Up front, the key interior change with his revised model lies with the addition of the brand's latest Touch Pro Duo infotainment system which features a pair of high-definition 10-inch touchscreens that form the centrepiece of the minimalist cabin. Otherwise, things are much as before. As ever, we particularly like the way that the car's air suspension system automatically drops to its lowest 'Access Height' when parked to make entry and exit easier.This car's substantial size isn't enough to permit the fitment of the couple of occasional rear boot-mounted seats you'll find in a Land Rover Discovery or (optionally) in a Range Rover Sport. Still, buyers of this top Range Rover model have never seemed to want them. Luggage room has always been a greater priority, so I should point out that there's 505-litres of it - which may be a little less than you were expecting. Perhaps that has something to do with the greater priority that Land Rover's designers have given to space for rear seat passengers.
Market and Model
Expect to pay from around £87,000 for your Range Rover SDV8, or more once you've allowed for a few well-chosen extras. That's around £7,000 more than the entry-level TDV6 diesel version. There's the usual single five-door, five-seat bodystyle and Vogue, Vogue SE and Autobiography trim levels. The long wheelbase version comes only in top 'Autobiography' or ''SVAutobiography' trims, with prices starting from a cool £113,000.
As you'd expect, you get a lot for that in terms of equipment. Items added as part of this range revamp include a gesture-controlled sunblind; a cabin air ionisation system; Pixel-laser LED headlights that never have to be dipped at night; and an 'Activity key' allowing you to securely lock and unlock the doors without the need to carry a conventional key fob.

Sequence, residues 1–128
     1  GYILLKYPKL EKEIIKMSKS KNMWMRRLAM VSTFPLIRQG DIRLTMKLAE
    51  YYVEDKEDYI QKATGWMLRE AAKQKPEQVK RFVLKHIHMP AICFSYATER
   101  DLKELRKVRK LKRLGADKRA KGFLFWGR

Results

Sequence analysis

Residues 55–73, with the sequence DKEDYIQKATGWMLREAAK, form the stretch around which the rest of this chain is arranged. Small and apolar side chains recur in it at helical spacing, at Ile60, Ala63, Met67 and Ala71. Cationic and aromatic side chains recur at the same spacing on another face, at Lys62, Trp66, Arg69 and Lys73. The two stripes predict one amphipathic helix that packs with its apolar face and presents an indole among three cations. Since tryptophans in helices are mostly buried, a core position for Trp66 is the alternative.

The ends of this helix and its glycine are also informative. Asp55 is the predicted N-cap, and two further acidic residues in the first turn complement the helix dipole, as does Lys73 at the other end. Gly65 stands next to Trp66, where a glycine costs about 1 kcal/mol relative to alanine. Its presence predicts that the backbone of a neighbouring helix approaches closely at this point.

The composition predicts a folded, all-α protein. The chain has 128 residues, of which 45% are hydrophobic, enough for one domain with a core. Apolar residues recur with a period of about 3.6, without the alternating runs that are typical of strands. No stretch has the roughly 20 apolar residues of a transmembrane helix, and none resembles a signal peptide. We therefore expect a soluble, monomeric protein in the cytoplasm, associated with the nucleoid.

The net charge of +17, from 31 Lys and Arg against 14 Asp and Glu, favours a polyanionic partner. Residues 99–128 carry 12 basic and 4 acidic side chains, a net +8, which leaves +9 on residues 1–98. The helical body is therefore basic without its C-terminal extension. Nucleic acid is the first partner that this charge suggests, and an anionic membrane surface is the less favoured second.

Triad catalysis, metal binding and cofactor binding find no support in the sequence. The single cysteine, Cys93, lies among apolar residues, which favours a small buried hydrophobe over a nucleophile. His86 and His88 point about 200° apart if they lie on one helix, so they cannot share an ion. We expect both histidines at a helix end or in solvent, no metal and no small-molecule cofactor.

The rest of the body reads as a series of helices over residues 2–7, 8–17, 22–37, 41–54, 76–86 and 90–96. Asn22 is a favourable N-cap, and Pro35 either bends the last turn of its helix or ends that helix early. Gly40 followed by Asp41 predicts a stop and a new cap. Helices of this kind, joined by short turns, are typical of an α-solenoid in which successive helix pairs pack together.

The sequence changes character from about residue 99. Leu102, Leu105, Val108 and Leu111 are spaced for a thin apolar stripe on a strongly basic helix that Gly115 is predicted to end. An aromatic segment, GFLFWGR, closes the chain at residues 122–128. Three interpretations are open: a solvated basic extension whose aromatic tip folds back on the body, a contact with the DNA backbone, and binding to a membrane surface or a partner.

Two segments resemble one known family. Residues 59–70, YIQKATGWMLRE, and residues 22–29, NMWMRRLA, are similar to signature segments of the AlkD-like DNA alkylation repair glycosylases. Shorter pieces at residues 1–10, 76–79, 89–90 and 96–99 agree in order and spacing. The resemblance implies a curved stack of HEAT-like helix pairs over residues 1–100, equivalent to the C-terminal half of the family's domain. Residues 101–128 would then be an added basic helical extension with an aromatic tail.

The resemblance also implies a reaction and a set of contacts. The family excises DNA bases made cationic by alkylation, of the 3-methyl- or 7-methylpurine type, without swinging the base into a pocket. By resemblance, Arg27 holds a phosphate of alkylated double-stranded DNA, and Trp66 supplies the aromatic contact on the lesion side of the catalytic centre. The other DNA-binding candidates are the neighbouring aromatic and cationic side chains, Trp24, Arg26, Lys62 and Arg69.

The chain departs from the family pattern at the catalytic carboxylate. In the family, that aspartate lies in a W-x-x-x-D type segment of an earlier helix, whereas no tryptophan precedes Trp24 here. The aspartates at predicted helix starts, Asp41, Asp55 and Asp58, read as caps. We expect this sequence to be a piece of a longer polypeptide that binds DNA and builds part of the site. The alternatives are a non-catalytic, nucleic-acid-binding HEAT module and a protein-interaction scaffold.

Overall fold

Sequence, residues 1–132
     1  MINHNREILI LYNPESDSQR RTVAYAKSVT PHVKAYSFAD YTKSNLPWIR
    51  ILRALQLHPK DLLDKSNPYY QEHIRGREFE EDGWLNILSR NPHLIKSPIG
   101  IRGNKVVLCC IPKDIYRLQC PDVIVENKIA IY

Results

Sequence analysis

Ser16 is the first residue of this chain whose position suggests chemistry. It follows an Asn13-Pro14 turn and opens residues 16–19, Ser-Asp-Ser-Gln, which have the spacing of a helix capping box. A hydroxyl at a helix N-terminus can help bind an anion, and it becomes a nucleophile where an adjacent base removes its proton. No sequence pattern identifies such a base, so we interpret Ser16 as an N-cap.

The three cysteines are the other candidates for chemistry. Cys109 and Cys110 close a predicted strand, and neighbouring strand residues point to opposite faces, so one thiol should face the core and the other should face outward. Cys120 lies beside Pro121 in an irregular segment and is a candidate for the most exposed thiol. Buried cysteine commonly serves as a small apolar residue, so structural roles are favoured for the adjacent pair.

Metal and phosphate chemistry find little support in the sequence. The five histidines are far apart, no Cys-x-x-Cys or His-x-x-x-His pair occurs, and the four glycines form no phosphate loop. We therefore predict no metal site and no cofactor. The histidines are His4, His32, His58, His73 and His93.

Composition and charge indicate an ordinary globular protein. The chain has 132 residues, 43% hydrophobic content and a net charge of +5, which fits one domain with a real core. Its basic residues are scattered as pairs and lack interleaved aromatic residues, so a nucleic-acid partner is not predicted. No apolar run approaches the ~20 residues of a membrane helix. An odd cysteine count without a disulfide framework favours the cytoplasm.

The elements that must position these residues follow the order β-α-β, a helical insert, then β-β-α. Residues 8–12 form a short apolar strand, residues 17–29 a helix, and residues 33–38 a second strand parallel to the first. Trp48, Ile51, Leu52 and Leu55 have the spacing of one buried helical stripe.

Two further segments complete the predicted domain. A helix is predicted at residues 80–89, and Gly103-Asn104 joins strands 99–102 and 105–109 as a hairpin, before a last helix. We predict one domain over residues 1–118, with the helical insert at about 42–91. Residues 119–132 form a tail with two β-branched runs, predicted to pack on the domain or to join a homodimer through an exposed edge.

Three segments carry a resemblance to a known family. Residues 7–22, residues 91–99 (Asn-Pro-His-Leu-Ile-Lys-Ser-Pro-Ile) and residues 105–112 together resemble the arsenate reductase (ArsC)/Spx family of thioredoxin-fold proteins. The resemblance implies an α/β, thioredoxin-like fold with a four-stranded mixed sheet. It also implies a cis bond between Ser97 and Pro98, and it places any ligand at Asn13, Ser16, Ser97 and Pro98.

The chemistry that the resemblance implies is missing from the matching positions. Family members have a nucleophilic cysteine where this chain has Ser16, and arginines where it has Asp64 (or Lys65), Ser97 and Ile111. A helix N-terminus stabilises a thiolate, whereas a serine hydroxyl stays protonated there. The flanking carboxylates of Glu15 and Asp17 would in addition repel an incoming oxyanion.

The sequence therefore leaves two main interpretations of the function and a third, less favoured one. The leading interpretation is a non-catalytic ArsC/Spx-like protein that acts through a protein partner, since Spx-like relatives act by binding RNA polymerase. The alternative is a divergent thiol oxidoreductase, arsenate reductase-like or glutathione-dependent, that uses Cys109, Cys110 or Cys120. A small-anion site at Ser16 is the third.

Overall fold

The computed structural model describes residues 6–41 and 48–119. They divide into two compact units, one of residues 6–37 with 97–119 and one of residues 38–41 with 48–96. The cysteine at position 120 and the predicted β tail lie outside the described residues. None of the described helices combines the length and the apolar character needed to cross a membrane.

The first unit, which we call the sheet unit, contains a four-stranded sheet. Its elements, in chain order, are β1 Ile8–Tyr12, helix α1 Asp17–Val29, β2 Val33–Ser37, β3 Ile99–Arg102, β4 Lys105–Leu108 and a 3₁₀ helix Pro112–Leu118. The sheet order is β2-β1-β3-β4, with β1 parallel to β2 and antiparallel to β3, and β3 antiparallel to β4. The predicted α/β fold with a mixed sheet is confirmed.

Other clever driving features include Adaptive Cruise Control, plus Land Rover's 'Queue Assist and Intelligent Emergency Braking' set-up. Advanced Tow Assist takes the anxiety out of reversing when towing a trailer. And Low Traction Launch is a manually selectable driving mode that helps you gain traction when pulling away on slippery surfaces.
Cost of Ownership
Nobody buys a Range Rover as an economy purchase, but the company know that they have to deliver competitive fuel economy and emissions figures versus their rivals, which is why Jaguar Land Rover made such a massive investment in the reinforced aluminium body that delivered such a rewarding weight loss. Overlooked by many is that depreciation is the biggest financial factor to run a car from the top end of the mark. However, employing so much aluminium content will also fight corrosion more effectively than any rival, bringing longer-term benefits to fight depreciation. Over three years the current forecasts are that the diesel V8 will retain 50% of its value over 3 years and a typical 36,000 mileage.
And ongoing costs? Well, the bottom line figures are 33.6mpg on the combined cycle and 219g/km. Insurance charges? Group 50. Other routine costs contain few surprises. Service intervals are set on an annual basis or 15,000 miles, whichever occurs first.
By Jonathan Crouch